Getting Started with URL Schemes
You might think that the recent advances in Shortcuts on iOS has killed the previous method of using URL schemes, and while there’s no arguing that Shortcuts — especially those with parameters like on iOS 13 — are more user friendly, not every app developer has had a chance to implement them yet or will have done so by the time iOS 13 launches.
URL Schemes sound complex — and I’ll admit, they’re not the easiest to read when you first come across them – but if you know how they work, you’ll find they’re not too hard to understand! Let’s start at the beginning.
You’ve seen web addresses before, they start with
https, which stands for Hypertext Transfer Protocol. This tells your device that the link should be opened in a web browser. You may also have seen
mailto links, which tell your device that it should call a number or open an email to an email address. URL schemes work the same way. You start by specifying which application you want to talk to:
omnifocus:/// things:/// bear://x-callback-url/ due://x-callback-url/ ulysses://x-callback-url/
As you can see here, there are some variations in the way this works. Usually, the apps with URL schemes that start with just two forward slashes are followed by
x-callback-url, but as every app implements their own system, it may vary. Now we know how to address the app we need to do something!
So, reading along we can see that we’re talking to OmniFocus and telling it to add — something with the name
Pick%20up%20milk, which is URL-encoded — a system which makes text safe to put in URLs so the characters don’t break our URL. In this case, it means all the spaces need to be replaced with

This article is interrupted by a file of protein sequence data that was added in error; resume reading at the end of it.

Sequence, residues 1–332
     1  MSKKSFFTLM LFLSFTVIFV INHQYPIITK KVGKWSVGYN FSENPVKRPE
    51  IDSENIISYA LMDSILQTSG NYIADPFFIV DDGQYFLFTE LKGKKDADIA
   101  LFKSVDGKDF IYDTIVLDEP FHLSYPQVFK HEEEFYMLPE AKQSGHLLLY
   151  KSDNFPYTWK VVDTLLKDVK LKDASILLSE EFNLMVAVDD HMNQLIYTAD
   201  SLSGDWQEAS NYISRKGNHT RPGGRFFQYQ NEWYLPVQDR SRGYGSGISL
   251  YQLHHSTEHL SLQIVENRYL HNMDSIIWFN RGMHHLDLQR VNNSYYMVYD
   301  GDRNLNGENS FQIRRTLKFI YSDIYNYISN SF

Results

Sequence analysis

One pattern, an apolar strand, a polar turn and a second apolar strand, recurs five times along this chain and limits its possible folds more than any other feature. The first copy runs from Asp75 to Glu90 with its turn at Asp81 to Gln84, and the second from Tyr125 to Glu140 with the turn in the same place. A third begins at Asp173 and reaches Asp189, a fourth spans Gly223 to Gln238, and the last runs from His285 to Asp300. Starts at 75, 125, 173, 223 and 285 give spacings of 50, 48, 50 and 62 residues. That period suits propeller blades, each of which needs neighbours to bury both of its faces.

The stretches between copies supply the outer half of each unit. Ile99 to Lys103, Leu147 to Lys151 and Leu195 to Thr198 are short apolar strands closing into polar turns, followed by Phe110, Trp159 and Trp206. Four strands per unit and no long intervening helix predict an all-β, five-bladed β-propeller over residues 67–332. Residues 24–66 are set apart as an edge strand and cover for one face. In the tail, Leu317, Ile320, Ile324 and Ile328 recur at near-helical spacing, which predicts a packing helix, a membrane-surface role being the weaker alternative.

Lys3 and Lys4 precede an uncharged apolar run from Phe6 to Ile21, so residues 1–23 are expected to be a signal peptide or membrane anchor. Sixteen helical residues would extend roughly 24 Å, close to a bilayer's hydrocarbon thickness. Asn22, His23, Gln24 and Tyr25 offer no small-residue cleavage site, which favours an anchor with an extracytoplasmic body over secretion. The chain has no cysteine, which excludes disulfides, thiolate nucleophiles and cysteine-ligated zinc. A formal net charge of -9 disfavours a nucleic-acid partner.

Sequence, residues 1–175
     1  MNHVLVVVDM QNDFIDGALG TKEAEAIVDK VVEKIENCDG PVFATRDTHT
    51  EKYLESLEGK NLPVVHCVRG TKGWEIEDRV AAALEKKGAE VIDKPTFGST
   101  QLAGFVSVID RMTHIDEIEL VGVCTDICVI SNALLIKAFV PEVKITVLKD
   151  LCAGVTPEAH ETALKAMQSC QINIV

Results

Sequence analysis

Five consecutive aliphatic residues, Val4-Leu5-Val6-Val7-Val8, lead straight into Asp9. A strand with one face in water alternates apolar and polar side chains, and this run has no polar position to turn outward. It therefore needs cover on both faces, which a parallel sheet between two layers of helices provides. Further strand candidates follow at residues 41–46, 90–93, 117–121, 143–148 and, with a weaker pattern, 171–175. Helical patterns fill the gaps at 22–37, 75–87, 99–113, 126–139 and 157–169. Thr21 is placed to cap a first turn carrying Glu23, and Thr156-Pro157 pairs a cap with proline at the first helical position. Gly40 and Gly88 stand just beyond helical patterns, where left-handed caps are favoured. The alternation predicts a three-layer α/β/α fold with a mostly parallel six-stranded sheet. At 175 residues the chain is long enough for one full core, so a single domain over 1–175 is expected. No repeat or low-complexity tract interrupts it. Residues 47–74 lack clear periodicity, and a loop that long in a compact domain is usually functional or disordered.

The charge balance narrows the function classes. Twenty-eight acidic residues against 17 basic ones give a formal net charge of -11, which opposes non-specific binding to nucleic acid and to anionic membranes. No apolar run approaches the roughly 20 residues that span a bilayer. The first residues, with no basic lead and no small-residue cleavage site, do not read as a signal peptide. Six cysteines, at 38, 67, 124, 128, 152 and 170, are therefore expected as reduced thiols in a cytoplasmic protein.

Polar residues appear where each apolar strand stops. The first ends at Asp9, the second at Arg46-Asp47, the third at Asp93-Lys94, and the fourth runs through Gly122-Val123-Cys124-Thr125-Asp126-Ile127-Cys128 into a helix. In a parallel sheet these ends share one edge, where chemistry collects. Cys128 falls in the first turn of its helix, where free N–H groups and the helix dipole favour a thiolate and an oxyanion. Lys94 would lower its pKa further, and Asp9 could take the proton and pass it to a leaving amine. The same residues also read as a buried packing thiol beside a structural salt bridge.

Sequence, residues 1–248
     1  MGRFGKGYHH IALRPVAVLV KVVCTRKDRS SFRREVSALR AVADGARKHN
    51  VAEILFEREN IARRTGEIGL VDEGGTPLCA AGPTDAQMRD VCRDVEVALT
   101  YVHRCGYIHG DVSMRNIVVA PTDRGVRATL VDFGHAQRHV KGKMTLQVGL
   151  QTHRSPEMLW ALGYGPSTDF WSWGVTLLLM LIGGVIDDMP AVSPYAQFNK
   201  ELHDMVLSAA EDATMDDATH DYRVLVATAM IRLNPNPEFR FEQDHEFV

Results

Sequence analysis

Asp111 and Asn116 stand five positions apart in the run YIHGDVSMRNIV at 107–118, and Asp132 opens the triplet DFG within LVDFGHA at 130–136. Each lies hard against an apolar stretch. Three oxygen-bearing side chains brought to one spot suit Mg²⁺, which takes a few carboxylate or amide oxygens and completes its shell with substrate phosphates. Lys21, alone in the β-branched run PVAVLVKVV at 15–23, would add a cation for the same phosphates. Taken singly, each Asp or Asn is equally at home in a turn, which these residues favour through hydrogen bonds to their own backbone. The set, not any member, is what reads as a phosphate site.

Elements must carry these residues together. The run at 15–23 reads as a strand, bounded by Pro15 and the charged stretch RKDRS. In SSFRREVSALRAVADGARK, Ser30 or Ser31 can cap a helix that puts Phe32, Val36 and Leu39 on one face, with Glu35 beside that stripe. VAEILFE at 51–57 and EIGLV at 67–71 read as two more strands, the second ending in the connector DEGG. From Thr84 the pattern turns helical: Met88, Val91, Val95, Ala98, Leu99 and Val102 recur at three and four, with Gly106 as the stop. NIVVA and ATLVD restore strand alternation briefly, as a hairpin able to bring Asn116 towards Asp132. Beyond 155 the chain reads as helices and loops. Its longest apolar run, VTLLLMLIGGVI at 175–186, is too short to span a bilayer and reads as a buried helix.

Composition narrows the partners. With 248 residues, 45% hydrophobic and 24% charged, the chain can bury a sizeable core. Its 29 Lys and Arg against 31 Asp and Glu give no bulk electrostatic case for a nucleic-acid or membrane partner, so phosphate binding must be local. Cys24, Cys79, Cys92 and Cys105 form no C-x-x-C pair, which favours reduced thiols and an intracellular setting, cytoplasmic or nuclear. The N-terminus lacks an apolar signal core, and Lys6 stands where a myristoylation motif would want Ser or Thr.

%20. Now when we open the URL, a task is added to OmniFocus with the name Pick up milk.
Two tricks to make your life easier: If you’re on iOS and using Shortcuts to open the URL, you don’t need to URL-encode anything written in the URL action, and if you’re not using Shortcuts you can URL-encode your text either with Shortcuts, Keyboard Maestro, or online services.
The question mark in our URL scheme marks the start of the parameters. Information is passed into the app, and the part before this is the command it will run. Everything after this is the information it needs to run the command in the format of
parameter=value. You can add multiples of these with
&, so if we want to add a note to our Pick up milk task, we could do this:
The beauty of URL schemes is, in many cases, they are cross platform. This means you can build a URL to add a task to OmniFocus to run the dishwasher, but then run it on iOS or macOS and enjoy the same results on both.
Now, you can guess as to what might work with which application, but as previously mentioned every application can implement their own system. While
add works in Due, OmniFocus and Things, Things and Due use title as the name of their task while OmniFocus uses name, so either you need to read the documentation for each application you want to use, or you need to cheat! Cheating is of course much faster, and as the point of a URL scheme is to make your life easier and likely automate something, it’s definitely fair play.
There’s more than one way to cheat of course, and depending on the application you’re looking to create the URL scheme for, there may be more than one way. Some applications like DEVONthink, Drafts, etc. offer the ability to copy the URL scheme for the item you have open. Others, including Things, offer a URL scheme generator on their website. The final way involves an iOS app: Launch Center Pro, which can generate URL schemes and provide a convenient way to launch them too. It will put text to be URL-encoded inside two sets of curly brackets (
like%20this), which makes it much more readable. If you want to take the generated URL scheme out of Launch Center Pro, I created a quick Shortcut that will take your clipboard and convert it for you.
A note for Shortcuts: There are two actions you can use after the URL action for URL schemes. You can Open URL (this will take you to the target application), or you can Open X-Callback URL, which will then bring you back to Shortcuts once the action has been completed.
Documentation for the URL schemes used in this article can be found here:
Go forth, and have fun with URL schemes!
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